A Herbal Walk With Georgina Cyr

Hi friends,

My dear friend Georgina Cyr is hosting a Herbal Walk in Port Alberni tonight. She wrote piece on her Facebook page and she has given me permission to share it with you. I love her detailed description of the herbs they will discover on the walk tonight and their medicinal properties.

I will repost the article she wrote on my web site. www.eudoralynn.com

Enjoy. Blessings, Lynn

Join us Georgina Cyr, Tuesday evening June 27 at 7 pm for a little herb walk in Port Alberni to discover a few of our local edible and medicinal plants. Cost $15.00, includes handouts and little notebooks for gathering samples to label.

Healing Naturally – Body, Mind and Spirit

Port Alberni, BC
372 Lightworkers

My intention for this group is to share information, life learnings, and ways to become more peaceful and healthy, physically, spiritually, and emotionally, as well as to lear…

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Edible and Medicinal Plant and Herb Walk

Tuesday, Jun 27, 2017, 7:00 PM
5 Attending

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Some of the plants we will find will be:
Thimble berries – The berries, leaves and roots have been used traditionally to treat stomach ache, and wounds. The berries are consumed fresh as well as dried. The young roots, shoots and leaves are used to cure ailments.
Yellow dock – good for liver, and kidneys – detoxifies, contains magnesium, antioxidants, iron and manganese vitamins B6. Purifies the Blood and Lymph System
Oregon grape – is a natural antibiotic with growing popularity. It produces the same powerful alkaloid, berberine, which give other herbal antibiotics such as goldenseal and golden thread their yellowish color. antibiotic, antiseptic, antiamoebocidic, anti-inflammatory.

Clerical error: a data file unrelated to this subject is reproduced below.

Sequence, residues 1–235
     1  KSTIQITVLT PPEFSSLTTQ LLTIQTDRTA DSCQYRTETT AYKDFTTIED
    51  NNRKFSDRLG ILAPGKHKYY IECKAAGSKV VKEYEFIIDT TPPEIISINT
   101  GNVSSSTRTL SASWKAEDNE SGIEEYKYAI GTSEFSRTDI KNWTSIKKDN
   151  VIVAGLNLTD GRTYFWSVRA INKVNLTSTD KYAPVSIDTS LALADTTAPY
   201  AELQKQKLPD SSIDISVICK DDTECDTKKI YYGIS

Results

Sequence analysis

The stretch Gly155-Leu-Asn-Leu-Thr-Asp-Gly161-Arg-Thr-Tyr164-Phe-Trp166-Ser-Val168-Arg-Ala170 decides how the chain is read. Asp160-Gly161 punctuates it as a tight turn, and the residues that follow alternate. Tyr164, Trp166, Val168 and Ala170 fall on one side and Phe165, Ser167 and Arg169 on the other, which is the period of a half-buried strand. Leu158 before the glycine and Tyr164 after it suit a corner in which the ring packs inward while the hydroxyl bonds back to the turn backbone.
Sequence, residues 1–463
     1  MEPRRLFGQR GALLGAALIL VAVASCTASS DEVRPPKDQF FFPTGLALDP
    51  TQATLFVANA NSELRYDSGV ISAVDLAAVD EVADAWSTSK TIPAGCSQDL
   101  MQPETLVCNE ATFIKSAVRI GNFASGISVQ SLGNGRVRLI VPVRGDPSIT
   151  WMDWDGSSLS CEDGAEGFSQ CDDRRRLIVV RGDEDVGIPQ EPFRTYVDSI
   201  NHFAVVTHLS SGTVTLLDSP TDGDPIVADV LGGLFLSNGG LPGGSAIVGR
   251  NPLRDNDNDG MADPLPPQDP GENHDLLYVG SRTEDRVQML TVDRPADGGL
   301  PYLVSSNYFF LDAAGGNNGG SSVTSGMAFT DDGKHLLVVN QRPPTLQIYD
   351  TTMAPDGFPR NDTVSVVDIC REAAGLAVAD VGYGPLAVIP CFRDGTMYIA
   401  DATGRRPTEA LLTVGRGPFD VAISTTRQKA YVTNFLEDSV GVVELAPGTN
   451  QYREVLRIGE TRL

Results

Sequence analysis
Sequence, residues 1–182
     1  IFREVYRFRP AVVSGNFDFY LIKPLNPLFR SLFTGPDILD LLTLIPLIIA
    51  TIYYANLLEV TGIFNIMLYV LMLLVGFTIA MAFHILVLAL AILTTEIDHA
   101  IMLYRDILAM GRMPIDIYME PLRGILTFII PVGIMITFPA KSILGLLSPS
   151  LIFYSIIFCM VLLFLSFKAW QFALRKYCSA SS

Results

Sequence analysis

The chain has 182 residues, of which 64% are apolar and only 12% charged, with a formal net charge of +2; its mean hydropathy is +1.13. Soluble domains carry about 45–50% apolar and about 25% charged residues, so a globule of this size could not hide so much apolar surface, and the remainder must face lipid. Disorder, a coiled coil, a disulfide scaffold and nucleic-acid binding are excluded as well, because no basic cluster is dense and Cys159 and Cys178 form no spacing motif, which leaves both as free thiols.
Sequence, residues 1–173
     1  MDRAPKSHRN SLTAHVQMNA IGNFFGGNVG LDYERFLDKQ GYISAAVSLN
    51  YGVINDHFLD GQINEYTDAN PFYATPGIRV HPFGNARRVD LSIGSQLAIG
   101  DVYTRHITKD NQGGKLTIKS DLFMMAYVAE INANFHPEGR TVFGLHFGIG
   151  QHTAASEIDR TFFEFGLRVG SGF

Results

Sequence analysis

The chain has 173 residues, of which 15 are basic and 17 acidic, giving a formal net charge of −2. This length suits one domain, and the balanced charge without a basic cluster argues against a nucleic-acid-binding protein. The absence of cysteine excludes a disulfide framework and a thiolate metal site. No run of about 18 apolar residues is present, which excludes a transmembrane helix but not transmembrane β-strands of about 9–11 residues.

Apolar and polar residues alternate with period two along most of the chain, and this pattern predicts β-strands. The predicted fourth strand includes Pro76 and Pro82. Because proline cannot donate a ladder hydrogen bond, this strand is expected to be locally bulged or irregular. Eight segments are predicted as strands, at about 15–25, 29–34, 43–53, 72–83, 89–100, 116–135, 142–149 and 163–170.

Bleeding heart – Michael Moore describes as a tonic herb for strengthening and healing some kinds of weakened people, and as an analgesic remedy for deeper nerve pain and imbalances. Bleeding Heart has been used by Native people as a tooth ache remedy. The plant can also be poulticed and applied to sprains, bruises or wounds to address pain, and may be most effective when combined with topical application of the tincture beneath a hot towel.
Plantain – Plantain is a drawing agent meaning it can pull splinters, dirt, and infections out of the wounded skin as well as a treatment for insect bites. Plantain also acts on the large intestine and can be used either as a laxative or as a drying agent for diarrhea – as its often the case plants work both ways.
Burdock – good for liver and skin easing skin conditions such as eczema, psoriasis, teenager’s acne. Burdock will help clean your system. Besides, Burdock roots and stems are good wild food.
Vanilla leaf – repels insects
Salal – A common benefit for the public is that the leaves of salal can be made into a poultice to treat insect stings and bites Salal leaf has a long history as a medicine for wounds, coughs, colds and digestive problems. The Klallam, Bella Coola and Quileute People have chewed salal leaves and spit them on burns and sores. Michael Moore mirrors Northwest Native People’s uses of salal in Medicinal Plants of the Pacific West when he says that, “The tea is astringent and anti-inflammatory, both locally to the throat and upper intestinal mucosa, and through the bloodstream, to the urinary tract, sinuses and lungs.”
Fireweed – First Nations used fireweed externally for burns and other skin conditions, and drank it as a tea for gastro-intestinal and bronchial problems.
In addition to its medicinal uses, fireweed shoots can be eaten as a vegetable, while the young leaves can be added to salads.
Cleavers – as a tea for urinary issues, skin irritations, Wounds and Burns. Lymph healer: Cleavers is known traditionally for its use in tonifying and cleansing the Lymphatic system
Self heal – all heal self-heal has been commonly used for all sorts of wounds. Some herbalists liken its qualities to plantain’s vulnerary abilities. Both of these plants are somewhat astringent and demulcent, stabilizing tissue and protecting the skin’s moisture at the same time.
Self-heal is used for wounds on the skin, including cuts, scrapes and burns. It’s also used for drawing out infections, such as abscesses and boils. Internally, self-heal has been used for ulcers, especially those in the mouth and throat.

This entry was posted by Lynn Moore on Tuesday, June 27th, 2017 at 3:47 pm and is filed under Health & Wellness. You can follow any responses to this entry through the RSS 2.0 feed. Both comments and pings are currently closed.